If you're reading this then you are likely having troubles getting your kit to start. While we do apologize if your kit isn’t functioning right when you turn it on, don’t panic! This is a fun and engaging opportunity for you or your child/student to think critically and learn the value of troubleshooting, a useful skill applicable to any school or work environment.
Here are some steps you want to make sure to cover as you go about the process of troubleshooting. Following these steps will help aid you in diagnosing the problem at hand and getting it fixed as soon as possible, while also bettering your own understanding of the inner workings of your kit. Remember, at any point during this list you figure out what's wrong or feel stuck, simply reach out to us at email@example.com and we will take it from there.
Step 1: Check to see if the battery is charged and turned on. This allows the Raspberry Pi to receive power.
Step 2: Assure all the cables and the SD card are snuggly fit inside their respective ports. If you’re uncertain, refer to this video which will walk you through the process.
Step 3: Inspect your Raspberry Pi. You can tell a lot about the Pi by looking at its lights. The red light means the Pi is on and receiving power while the green light means the Pi is reading the SD card which loads the content you see on the screen.
Here is what the presence or absence of lights mean:
No Lights: Pi is not receiving power, check to see if battery is on/charged. If the battery is not charged then charge it. If it is on/charged, then the harness cable or Raspberry Pi may be defective and you should reach out to us to replace it.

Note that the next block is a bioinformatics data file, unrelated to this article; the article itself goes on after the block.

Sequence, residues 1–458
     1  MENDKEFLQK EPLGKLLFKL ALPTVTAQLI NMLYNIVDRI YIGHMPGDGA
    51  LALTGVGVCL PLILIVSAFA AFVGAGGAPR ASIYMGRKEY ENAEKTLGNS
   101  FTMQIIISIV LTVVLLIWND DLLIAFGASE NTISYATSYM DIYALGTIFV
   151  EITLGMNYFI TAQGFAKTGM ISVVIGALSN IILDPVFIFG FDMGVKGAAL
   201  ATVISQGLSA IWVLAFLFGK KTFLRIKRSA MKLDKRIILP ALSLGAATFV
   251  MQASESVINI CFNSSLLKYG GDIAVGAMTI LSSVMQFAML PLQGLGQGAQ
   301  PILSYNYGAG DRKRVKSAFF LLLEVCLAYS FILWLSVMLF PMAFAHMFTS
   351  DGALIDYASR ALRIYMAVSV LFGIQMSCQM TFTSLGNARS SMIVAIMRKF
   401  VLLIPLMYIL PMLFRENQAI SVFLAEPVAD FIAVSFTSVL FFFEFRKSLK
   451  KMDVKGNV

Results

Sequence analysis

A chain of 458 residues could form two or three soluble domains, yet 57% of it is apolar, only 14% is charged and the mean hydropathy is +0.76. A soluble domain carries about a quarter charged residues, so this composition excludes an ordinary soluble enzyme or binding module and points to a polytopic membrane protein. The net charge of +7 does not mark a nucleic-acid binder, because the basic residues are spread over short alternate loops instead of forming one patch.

Only Red light on: This means the Pi has power but can’t read the SD card. The SD card is either corrupted or not fitting correctly. Try removing it and blowing on the port it sits in to remove any dust that may have lodged inside. Reinsert the SD card and attempt to power on your kit. If there is still no green light, contact us and we will walk you through your options for getting this fixed.
Red and Green Light: The Pi is powered and reading SD card, the issue likely has something to do with the display, specifically the screen or the HDMI cable.
Step 4: Swap out the HDMI cable with another one if you happen to have an extra laying around. If everything works after swapping it out, then reach out and we will send you another HDMI cable. If swapping out the HDMI cable doesn’t fix the issue, try and hook the Raspberry Pi up to another screen/monitor. If this solves the issue then the problem is with the screen and we will gladly replace it. If you don’t have an extra HDMI cable or screen monitor to swap out and test, simply reach out and we will find a solution.
Boom! You just successfully completed the first step in troubleshooting your Piper Computer Kit 2. That wasn’t so bad, right? Thank you for your patience and willingness to work through this process, we applaud you and hope it was a relatively fun and engaging experience Don't forget to reach out to us again at firstname.lastname@example.org with your results, especially if you are in need of a replacement part.